Online Lenders and Payment Companies Get a Way to Act More Like Banks

Online Lenders and Payment Companies Get a Way to Act More Like Banks

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The federal government began clearing a path on Tuesday for online lenders and payment companies to more easily and directly compete with traditional banks, a change that one regulator said would allow innovative businesses to expand nationwide.

Online lenders and other so-called fintech firms — including the payment processor Square, the online lender Lending Club and the cryptocurrency exchange Coinbase — have pressed for regulatory routes that would let them cut through the thicket of state and federal laws that govern financial businesses.

Heeding those requests, the Treasury Department released a 222-page report laying out the Trump administration’s view on how nonbank financial companies should be regulated. Hours later, the Office of the Comptroller of the Currency, a national bank regulator, announced a new kind of charter that would potentially free such companies from the state-by-state approvals they currently need to offer loans and other financial products.

The agency had been considering the idea of a national charter for more than two years. Joseph M. Otting, the comptroller of the currency, said his office would immediately begin accepting applications.

“Companies that provide banking services in innovative ways deserve the opportunity to pursue that business on a national scale,” Mr. Otting said.

But legal challenges are almost certain. The Conference of State Bank Supervisors sued the Office of the Comptroller of the Currency last year to block such an action, but its case was dismissed because a charter had not yet been created. On Tuesday, it said the agency had exceeded its authority.

John W. Ryan, the president of the conference, called the charter “a regulatory train wreck in the making.”

Decisions on charters would place the federal government in the business of picking “winners and losers in the marketplace,” he said. “And taxpayers would be exposed to a new risk: failed fintechs.”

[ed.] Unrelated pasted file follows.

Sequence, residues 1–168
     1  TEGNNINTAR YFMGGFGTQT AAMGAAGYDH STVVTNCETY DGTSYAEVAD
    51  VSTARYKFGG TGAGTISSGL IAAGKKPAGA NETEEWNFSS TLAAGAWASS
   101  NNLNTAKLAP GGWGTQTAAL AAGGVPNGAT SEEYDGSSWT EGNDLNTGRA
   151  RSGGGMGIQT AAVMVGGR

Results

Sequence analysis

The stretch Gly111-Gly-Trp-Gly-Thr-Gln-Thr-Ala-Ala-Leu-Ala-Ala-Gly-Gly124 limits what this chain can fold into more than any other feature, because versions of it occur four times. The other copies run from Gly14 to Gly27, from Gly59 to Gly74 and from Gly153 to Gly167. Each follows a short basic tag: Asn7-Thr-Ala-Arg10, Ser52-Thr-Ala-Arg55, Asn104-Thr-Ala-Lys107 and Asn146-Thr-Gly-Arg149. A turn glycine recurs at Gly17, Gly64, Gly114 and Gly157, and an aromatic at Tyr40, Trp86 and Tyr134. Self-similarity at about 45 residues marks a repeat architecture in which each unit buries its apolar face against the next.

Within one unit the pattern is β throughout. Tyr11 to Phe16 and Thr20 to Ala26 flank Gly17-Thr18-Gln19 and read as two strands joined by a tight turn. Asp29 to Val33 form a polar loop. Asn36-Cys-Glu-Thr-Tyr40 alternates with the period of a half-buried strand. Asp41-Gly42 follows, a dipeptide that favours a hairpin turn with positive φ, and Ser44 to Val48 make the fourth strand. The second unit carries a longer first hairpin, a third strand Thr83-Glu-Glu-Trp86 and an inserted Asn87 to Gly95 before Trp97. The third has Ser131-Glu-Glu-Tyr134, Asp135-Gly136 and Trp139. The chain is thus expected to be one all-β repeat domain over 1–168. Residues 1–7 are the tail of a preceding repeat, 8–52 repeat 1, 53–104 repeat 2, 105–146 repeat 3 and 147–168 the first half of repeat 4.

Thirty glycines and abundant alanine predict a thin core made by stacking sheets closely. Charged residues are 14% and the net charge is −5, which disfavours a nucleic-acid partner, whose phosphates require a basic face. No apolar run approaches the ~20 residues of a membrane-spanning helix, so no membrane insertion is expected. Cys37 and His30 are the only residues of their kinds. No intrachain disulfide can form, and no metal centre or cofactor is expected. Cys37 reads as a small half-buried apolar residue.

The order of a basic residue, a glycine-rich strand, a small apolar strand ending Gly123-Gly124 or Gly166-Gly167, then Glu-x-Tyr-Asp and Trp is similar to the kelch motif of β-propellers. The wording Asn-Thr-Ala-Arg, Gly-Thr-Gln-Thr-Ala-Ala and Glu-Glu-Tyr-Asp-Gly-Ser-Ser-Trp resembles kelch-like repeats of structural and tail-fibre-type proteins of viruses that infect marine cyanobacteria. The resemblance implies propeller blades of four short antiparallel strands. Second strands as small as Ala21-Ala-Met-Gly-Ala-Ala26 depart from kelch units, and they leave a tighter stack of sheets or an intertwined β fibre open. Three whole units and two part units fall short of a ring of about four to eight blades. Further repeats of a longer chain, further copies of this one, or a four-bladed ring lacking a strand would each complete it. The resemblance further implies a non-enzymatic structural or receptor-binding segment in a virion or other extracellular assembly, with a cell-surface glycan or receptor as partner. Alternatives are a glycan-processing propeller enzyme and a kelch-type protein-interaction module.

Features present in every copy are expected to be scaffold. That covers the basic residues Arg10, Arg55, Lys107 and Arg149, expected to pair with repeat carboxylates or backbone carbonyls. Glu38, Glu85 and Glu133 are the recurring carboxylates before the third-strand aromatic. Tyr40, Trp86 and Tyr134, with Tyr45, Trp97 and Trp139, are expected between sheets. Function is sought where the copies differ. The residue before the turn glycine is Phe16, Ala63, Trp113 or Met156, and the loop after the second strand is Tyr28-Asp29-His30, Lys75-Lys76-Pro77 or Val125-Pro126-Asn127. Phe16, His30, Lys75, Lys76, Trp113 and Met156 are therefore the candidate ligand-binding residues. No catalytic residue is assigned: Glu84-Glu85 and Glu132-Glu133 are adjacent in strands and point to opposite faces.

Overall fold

The new charter is available only to companies that do not take and hold deposits, and it comes with a thick set of rules. Applicants will be required to prove that they have the capital and liquidity needed to carry out their plans and adequate security technology and internal controls to protect their customers and comply with financial laws.

The Treasury’s report also endorsed the idea of “sandboxes” — live tests that allow companies to experiment, under a regulator’s supervision, with new products and business models.

Industry representatives praised the changes. “The O.C.C. has recognized that there’s a new era, and they’re updating their supervision and chartering framework to adapt to it,” said Nat Hoopes, the executive director of the Marketplace Lending Association, whose members include Lending Point and Social Finance.

Christin Spradley, head of external affairs for OnDeck, an online small business lender, said, “Things are coming up aces today.”

Tuesday’s announcements “can provide us with much greater regulatory certainty, which would be a watershed for the industry,” she said.

Criticism of the new charter ranged from calling it unnecessary to calling it dangerous.

Maria T. Vullo, the superintendent of New York’s Department of Financial Services, said the new charter was an illegal move to undermine state supervision.

“A national fintech charter will impose an entirely unjustified federal regulatory scheme on an already fully functional and deeply rooted state regulatory landscape,” she said.

More than 250 consumer groups sent a letter last year to the Office of the Comptroller of the Currency opposing the idea of a fintech charter, which they fear would allow companies to evade state interest rate caps and other consumer protections.

“Giving national bank charters to nonbank lenders could open the floodgates to a wide range of predatory actors,” said Lauren Saunders, associate director of the National Consumer Law Center.

Change will come slowly, said Isaac Boltansky, the director of policy research at Compass Point Research & Trading, an investment firm.

“There’s undoubtedly going to be a number of companies that climb down the rabbit hole and test out this new charter, but I don’t think we’re going to see a sudden sea change,” he said. “There’s still substantive questions about the requirements, and for some companies it might be easier to just go another route.”

Square, for example, applied last year for an “industrial loan company” charter from the Federal Deposit Insurance Corporation, which would allow it to hold government-insured deposits. The company recently withdrew its application in what it called a “procedural step,” but said it planned to refile.

A company spokeswoman declined to comment on the new charter.

(Original source)

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